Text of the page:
The first General Assembly under Royal Authority, in 1692, passed 85 acts in a single session. The Lower House acted to remove the Governor's influence over the election of delegates. Now, elected delegates could attend the session without the need for a special writ from the Governor. At the same time, standing or continuing committees were established; these eliminated the Lower House's reliance on ad hoc committees and created the first modern legislature in Maryland. During this period, the Lower House became known as the "House of Delegates"; the Maryland Constitution of 1776 formally established the modern House of Delegates. Representation was based on geography as the voters of each county elected four delegates, two each were elected from the towns of Annapolis and Baltimore; these delegates served one-year terms. Beginning with the 1838 elections, each county elected at least three and up to six delegates depending on its population. Baltimore City elected the same number of delegates as did the most populous county, but after 1840, the Town of Annapolis was considered part of Anne Arundel County.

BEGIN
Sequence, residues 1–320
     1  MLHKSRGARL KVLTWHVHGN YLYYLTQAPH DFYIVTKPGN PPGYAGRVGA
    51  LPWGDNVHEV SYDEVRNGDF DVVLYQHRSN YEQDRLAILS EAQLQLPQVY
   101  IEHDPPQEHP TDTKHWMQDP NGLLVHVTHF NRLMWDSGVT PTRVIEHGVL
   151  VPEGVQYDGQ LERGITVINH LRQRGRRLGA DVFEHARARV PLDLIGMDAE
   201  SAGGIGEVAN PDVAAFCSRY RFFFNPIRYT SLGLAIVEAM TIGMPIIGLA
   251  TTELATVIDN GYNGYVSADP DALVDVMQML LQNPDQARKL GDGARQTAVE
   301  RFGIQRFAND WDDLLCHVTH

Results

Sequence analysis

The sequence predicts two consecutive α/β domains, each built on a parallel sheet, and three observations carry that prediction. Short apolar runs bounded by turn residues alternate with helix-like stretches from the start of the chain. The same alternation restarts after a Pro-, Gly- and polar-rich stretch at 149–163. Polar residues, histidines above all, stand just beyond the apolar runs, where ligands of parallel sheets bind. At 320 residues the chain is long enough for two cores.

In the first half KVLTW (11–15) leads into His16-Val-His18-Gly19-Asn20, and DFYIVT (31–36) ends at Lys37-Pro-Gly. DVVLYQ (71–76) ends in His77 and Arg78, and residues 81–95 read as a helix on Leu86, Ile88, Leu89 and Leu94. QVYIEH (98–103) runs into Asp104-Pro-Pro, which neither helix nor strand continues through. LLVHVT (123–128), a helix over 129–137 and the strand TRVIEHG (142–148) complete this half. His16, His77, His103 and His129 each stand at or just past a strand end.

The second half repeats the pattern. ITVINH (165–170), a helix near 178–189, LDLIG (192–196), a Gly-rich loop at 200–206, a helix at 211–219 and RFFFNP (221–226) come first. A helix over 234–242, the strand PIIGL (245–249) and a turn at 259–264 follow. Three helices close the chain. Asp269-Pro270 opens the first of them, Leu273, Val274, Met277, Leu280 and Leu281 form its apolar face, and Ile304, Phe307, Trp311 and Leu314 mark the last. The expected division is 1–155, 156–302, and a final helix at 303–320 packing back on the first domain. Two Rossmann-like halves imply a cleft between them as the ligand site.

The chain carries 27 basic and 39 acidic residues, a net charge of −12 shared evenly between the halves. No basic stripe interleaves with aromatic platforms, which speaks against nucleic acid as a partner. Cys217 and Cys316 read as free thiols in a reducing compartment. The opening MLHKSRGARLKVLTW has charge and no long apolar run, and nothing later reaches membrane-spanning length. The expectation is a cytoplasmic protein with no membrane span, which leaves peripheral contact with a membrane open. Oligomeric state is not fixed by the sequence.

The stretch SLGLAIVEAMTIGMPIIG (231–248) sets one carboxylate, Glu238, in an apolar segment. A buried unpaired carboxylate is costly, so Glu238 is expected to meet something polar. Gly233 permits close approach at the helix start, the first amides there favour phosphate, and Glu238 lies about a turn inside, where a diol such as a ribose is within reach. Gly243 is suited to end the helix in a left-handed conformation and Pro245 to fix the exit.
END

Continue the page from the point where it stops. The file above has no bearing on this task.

Reapportionment was required after every federal census in an attempt to achieve equal representation. The current pattern for distribution of seats in the House of Delegates began with the legislative apportionment plan of 1972 and has been revised every ten years thereafter; the plan created 47 legislative districts, many of which cross county boundaries to delineate districts equal in population. Each legislative district sends three delegates for a total of 141 members of the House; some of the larger districts are divided into delegate sub-districts to provide local representation to areas not large enough to constitute an entire legislative district. The powers and functions of the Maryland House of Delegates are outlined in the Maryland Constitution. Along with the State Senate, the House has the power to approve laws, establish executive departments, levy taxes, propose state constitutional amendments. Both houses have the power to elect the state treasurer and to appoint a new Governor if the offices of Governor and Lieutenant Governor are vacant.